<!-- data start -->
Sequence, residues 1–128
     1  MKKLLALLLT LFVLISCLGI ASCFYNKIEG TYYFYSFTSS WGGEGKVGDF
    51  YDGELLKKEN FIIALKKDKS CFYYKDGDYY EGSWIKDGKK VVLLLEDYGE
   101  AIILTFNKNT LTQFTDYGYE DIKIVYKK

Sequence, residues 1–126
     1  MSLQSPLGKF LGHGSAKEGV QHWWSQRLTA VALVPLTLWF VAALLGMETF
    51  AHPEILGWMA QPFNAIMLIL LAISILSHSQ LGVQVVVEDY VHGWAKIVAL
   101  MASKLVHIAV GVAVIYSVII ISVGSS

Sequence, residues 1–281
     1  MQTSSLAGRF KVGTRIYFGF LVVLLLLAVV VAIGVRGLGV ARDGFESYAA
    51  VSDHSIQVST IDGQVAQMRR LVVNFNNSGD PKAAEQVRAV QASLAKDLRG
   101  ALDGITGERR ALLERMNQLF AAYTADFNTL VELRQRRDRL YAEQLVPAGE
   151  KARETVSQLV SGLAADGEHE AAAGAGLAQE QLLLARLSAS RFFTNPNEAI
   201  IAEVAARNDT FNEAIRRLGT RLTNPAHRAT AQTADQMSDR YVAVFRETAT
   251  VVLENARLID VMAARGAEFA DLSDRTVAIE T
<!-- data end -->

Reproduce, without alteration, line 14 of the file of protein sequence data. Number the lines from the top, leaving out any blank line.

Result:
   201  IAEVAARNDT FNEAIRRLGT RLTNPAHRAT AQTADQMSDR YVAVFRETAT